9-11 May 2023
ICC Sydney

Discussing reactive, preventive and predictive maintenance strategies

Discussing reactive, preventive and predictive maintenance strategies

While trying to become more efficient, facility managers (FMs) may consider the choice of maintenance strategies as an important factor. For most organisations, having a property that is well maintained is crucial to cutting costs, saving time and energy, and most importantly, ensuring occupant comfort.

There are generally three different approaches to maintenance strategies – reactive, preventive, and predictive. Although each strategy has its positive points, the predictive method is usually the preferred method for savvy FMs.

The traditional method, also known as reactive method, is the easiest and also an outdated maintenance approach. This is the “if it isn’t broke, don’t fix it” strategy.

Maintenance staff and FMs work endlessly to develop a more efficient, cost-effective strategy for their departments. While some departments still might operate in a reactive mode, many others have implemented some or all of the concepts of preventive or predictive maintenance.


Most common approach to maintenance

All three methods have their merits, but most FMs try to be more preventive than anything else. In an ideal world without stringent budgets, FMs try to strive for a higher percentage of preventive and predictive maintenance over reactive.

Segmenting critical areas such as medical, life safety, process control and utility service equipment and allocating a preventive maintenance program is a cost-efficient way of ensuring critical services receive optimum maintenance as these are core areas which require a proactive approach.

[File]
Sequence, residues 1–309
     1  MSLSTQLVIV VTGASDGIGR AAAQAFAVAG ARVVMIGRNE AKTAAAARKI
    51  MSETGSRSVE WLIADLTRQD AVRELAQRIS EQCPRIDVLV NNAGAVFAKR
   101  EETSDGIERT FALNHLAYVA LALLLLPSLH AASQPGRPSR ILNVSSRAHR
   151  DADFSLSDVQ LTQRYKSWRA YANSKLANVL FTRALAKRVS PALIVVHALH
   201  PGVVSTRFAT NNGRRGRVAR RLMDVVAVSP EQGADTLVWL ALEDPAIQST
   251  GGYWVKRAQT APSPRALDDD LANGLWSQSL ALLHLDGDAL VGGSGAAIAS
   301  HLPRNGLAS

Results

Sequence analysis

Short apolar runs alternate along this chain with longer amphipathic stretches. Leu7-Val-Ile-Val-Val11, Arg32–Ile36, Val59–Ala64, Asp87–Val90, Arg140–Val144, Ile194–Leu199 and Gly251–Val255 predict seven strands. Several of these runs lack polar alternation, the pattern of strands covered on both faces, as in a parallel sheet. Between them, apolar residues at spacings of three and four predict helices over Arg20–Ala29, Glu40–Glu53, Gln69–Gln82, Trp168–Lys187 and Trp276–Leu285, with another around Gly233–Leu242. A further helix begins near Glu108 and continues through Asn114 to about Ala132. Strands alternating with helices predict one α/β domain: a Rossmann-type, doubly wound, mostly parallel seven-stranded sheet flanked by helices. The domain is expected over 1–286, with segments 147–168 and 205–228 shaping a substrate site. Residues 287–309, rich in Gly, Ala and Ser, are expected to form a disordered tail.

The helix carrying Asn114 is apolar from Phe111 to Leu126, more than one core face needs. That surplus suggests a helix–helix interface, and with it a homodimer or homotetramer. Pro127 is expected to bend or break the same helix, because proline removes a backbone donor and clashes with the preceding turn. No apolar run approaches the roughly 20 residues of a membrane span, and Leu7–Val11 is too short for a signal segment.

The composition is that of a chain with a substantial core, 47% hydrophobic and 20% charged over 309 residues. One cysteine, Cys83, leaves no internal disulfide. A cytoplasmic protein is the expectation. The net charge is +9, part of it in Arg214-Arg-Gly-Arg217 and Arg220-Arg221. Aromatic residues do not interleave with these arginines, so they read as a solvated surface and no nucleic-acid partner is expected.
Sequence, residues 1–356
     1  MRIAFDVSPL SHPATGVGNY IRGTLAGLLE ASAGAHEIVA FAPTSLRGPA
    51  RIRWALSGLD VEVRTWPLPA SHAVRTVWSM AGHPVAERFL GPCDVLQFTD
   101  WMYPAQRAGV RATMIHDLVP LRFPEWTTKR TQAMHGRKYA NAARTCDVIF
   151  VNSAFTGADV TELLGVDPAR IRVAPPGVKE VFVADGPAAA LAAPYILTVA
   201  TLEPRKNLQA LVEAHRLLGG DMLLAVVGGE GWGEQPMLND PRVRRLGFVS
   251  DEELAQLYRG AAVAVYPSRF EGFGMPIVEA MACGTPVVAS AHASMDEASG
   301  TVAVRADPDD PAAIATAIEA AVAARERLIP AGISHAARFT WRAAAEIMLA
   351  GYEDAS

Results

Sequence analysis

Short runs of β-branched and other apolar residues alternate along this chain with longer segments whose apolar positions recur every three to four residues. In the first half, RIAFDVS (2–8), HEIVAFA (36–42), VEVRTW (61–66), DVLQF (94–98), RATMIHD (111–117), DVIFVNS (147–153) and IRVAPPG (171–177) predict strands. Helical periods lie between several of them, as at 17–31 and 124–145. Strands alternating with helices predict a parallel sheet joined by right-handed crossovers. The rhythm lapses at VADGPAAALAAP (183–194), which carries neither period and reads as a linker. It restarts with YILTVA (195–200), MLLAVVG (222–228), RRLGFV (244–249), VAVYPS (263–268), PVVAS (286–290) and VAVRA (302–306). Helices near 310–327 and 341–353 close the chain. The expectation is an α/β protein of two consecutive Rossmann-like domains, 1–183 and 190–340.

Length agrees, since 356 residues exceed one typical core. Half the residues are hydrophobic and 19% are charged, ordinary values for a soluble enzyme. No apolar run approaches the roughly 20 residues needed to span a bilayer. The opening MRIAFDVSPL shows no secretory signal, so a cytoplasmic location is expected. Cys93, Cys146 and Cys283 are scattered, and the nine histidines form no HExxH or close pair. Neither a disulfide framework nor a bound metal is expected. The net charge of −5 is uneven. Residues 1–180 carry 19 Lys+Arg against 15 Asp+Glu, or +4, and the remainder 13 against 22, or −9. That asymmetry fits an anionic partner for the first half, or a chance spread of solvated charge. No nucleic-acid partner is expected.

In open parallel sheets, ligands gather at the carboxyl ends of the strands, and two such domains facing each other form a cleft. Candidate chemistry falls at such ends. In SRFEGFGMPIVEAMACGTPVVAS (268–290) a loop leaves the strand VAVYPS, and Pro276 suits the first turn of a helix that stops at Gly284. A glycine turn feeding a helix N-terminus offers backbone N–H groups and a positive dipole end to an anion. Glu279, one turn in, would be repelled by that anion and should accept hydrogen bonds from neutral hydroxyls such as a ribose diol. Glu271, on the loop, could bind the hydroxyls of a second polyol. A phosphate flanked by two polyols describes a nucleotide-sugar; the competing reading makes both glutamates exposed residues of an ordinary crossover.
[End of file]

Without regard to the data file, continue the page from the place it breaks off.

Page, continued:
The impact management can have on maintenance methods

A reactive approach to maintenance costs more to address and impacts the comfort of building occupants. FMs need to acknowledge the benefits of preventive maintenance and promote that solution to senior management. Training is also key, and efficient and well-trained staff are the greatest asset to a company aiming to reach higher standards of maintenance.



The biggest challenge for almost any facility operation is budget. With drastically reduced budgets, it sometimes is difficult to spend money in order to save money. This is especially true if you are setting up a new program or requiring more advanced technology. Changing the mindset that spending money upfront will result in savings in the long term is a challenge. When resources are scarce, the foremost thought is to cull maintenance funds, especially preventive maintenance. This approach will result in a short-term cost decrease but a much larger long-term increase. What needs to be done is to quantify the impact on cost, both long term and short term, to make informed decisions.


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